A extra connection panel installed on my first cabinet worked out so well, I decided that this cabinet deserved a similar treatment. In addition to the USB connections and memory card slots this afforded for transferring files (since there isn’t a floppy disc drive on this box :-), I wanted an easier access optical disc drive on this cabinet than the last, so there is also a DVD-ROM drive which opens directly out the front of the control panel. The control box accepts two USB connections, one IEE1394 firewire connection and one SD, Compact Flash, Memory Stick, and SmartMedia card.

Below the control panel is a top-hinged door which provides access to the subwoofer and sound system volume, and the XBox power, controller connections, and DVD-ROM drawer.

Secondary Controls and Storage Cabinet:

Secondary control panel as trackball / driving controller. Secondary control panel as computer desk.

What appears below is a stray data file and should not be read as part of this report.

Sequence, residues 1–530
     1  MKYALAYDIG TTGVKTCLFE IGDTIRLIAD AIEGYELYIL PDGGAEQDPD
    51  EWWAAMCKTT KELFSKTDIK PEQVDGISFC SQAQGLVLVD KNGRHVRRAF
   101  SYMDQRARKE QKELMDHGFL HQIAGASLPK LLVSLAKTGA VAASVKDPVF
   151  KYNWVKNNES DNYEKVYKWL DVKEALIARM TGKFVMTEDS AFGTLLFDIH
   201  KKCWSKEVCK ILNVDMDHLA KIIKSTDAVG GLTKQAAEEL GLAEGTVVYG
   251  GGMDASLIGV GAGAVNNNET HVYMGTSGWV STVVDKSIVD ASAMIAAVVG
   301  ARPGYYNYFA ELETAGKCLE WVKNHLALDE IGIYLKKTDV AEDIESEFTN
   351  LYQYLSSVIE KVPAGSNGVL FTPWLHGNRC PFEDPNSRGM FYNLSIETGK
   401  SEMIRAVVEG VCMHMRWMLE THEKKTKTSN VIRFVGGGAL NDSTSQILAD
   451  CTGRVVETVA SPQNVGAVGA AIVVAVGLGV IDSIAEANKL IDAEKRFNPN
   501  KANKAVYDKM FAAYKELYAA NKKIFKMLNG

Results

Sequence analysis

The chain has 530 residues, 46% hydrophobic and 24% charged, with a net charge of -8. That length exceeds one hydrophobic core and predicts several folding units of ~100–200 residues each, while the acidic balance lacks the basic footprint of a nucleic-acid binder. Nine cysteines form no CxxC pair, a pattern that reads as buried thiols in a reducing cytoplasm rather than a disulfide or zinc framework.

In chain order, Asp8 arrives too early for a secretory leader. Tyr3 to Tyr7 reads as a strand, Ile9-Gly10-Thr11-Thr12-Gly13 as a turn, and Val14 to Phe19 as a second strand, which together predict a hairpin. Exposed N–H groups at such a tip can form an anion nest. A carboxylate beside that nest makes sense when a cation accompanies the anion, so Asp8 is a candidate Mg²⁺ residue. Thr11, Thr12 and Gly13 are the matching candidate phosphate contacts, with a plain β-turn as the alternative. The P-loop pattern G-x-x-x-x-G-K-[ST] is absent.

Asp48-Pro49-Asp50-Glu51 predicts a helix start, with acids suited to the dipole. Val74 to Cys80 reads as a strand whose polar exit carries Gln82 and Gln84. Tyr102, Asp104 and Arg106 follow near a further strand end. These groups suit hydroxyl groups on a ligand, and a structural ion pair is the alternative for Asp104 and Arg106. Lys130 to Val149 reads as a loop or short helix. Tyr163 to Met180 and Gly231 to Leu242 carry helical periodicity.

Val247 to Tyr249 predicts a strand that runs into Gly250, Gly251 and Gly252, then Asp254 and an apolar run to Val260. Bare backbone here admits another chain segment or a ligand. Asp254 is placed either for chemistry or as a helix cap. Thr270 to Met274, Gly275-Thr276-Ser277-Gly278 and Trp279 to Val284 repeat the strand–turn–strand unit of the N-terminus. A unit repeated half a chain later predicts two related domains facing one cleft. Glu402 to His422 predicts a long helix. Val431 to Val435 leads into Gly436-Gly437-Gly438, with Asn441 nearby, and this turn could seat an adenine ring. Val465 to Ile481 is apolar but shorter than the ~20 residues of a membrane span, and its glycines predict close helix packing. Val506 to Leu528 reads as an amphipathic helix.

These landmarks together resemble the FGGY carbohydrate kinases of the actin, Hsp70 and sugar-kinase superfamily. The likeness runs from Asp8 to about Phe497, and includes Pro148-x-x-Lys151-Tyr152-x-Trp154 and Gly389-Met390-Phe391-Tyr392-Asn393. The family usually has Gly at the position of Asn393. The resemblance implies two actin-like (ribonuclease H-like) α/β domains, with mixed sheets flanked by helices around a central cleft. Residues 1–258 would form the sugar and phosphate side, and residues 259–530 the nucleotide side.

Easy secondary control panel connection. Secondary control panel as extra storage.
A whole lotta controls!

The fact that this cabinet originally consisted of two cabinets joined together afforded a unique opportunity — to make a secondary control panel with extra controls and for storage of extra gaming hardware.

The fixed feet of the orginal cabinet were replaced with castors, and doors were added in place of the original coin mechs and ticket dispensers. A steering wheel and pedals were added for support of driving games, and wired up through a Happ interface board. A large trackball was added to the right of the steering wheel, wired up through a second Ultimarc Opti-Pac controller board. Both controller interface boards connect to a USB hub which is contained inside this cabinet, and then connection to the main cabinet is achieved through a single USB cable to one of the USB connectors on the front panel. When disconnected, the entire construct can be wheeled out-of-the-way, or spun around to be used as a desktop for the wireless keyboard and mouse.

In addition to the controls built into this secondary cabinet, it also provides plenty of storage for extra controllers: XBox game pads, a Microsoft SideWinder force feedback joystick, MS SideWinder game pads, MS Game Commander controller, etc. etc.

The Finished Product

The full package!
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From → DIY, Gaming